Another unfamiliar room appears when I my eyes open. Light spills through a small east facing rectangular window above the shower and pours across my bed. The alarm never sounded. Crap. Am I late for the Jeep doctor? No. I’m early. I roll on my side and try to get comfortable enough to reverse my conscious state, but no dice. A little before seven I surrender and make the coffee. It’s a two-mile drive to Boss Hawg Offroad and I have just over an hour to get there. The coffee tastes good.
I pull the U-Haul and trailer out of the cul de sac at a quarter of eight and make it to Bryce’s shop at ten til. He’s another tall guy with a manageable accent and we make the cursory introductions. As advertised by my parent’s friends, he’s a “stand-up guy” and I immediately trust his intention to fix what’s broke and get me back on my way. I untether the two-inch ten-foot tie-downs and back the Jeep into Boss Hawg’s lot. We exchange information and I head back the way I came, unwilling to relinquish the U-Haul set up until I know I won’t need it again.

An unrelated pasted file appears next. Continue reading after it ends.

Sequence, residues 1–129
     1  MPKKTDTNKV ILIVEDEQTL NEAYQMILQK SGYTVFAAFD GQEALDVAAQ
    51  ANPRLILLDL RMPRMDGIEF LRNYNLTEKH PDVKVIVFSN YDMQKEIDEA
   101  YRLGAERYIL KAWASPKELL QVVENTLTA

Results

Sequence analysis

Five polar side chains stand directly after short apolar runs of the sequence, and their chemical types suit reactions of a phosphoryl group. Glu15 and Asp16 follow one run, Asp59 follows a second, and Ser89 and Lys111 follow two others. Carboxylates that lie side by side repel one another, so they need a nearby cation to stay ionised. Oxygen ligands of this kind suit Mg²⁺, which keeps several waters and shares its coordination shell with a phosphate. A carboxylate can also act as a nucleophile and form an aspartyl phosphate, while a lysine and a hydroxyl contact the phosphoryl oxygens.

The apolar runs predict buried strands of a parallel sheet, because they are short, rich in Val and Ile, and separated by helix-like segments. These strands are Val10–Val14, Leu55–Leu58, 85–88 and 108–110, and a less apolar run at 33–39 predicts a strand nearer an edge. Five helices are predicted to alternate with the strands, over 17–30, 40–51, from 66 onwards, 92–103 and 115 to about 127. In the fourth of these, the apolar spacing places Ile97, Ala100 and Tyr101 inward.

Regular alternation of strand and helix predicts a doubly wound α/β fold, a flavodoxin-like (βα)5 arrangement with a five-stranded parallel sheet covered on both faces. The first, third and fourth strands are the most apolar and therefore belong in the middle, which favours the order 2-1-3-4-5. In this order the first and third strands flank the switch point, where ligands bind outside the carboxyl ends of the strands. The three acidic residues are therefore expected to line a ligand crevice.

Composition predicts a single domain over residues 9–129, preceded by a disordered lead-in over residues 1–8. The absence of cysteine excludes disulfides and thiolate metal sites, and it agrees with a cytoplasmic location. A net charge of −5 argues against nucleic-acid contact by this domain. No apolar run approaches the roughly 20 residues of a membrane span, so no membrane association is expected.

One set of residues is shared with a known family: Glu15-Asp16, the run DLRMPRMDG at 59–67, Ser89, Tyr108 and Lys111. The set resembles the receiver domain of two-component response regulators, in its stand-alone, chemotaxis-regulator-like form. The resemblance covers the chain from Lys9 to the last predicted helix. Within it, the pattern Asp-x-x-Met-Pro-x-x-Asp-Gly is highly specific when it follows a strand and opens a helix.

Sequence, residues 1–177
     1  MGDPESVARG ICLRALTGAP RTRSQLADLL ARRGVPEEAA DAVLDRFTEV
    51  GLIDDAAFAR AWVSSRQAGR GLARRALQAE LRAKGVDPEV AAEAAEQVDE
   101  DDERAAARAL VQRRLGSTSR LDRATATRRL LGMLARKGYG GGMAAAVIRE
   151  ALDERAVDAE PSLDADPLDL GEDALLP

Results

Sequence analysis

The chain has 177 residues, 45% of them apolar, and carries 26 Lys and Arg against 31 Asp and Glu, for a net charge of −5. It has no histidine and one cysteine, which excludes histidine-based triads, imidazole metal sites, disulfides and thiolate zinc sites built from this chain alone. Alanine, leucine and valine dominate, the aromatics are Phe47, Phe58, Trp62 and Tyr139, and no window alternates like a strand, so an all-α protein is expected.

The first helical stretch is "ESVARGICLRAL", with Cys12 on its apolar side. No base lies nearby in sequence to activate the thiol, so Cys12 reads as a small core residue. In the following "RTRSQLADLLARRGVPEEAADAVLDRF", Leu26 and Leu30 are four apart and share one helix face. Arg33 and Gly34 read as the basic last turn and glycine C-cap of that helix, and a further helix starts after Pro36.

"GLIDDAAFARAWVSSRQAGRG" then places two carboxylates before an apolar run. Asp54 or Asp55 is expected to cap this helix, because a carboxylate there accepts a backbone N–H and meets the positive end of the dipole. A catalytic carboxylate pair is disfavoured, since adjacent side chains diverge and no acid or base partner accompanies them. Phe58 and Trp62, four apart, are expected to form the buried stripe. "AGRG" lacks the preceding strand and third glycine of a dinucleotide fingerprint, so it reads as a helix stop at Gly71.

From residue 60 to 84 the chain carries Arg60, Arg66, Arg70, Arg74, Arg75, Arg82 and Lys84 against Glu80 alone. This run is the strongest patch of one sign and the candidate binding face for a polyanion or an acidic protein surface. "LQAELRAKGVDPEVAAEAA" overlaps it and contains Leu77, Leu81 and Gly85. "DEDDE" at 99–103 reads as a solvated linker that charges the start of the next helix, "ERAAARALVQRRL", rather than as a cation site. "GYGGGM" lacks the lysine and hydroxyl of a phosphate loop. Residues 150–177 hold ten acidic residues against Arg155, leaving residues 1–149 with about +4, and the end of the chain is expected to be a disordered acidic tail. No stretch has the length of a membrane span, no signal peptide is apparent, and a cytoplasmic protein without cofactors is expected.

With a little time to kill, I decide to head out for a morning pedal. The riding is fun, even if it feels like I’m spinning from Tomorrowland to Frontierland. The soil is a little wet from yesterday’s rain, and I learn quickly that limestone is frictionless when damp. My cell phone comes to life in the side pocket of my shorts and I pull off the trail to pick up the call. It’s Bryce with some news.
The Jeep’s current driveshaft is the wrong size. It was installed by a hack, probably the former owner, and will continue to plague my life until the correct sized part is installed. It was never going to fly let along drive. Amazing I’ve made it this far. The front-end needs a standard 60,000-mile maintenance which he adds to the list. Other than that, I was in pretty good shape. Bryce ordered the parts and expected to have me out the door on schedule. My warranty doesn’t cover the aftermarket driveshaft, and I can expect to pay about $700 for the correct component.
Absorbing the new information, I decide this is a good thing and venture farther north into the trail system. I can still get home before five, clean up, return the U-Haul and see what the town of Bentonville has to offer. It’s good to be under self-propulsion for a few days. I’m smiling inside at the thought of getting back on the road over the weekend as planned and acquiring Kéa in Nashville for our father-daughter leg. Game on.
2 thoughts on “Hack Jobs”
Oh, is that a Camelops? Ice age camel native to North America.
That’s what the U-Haul said!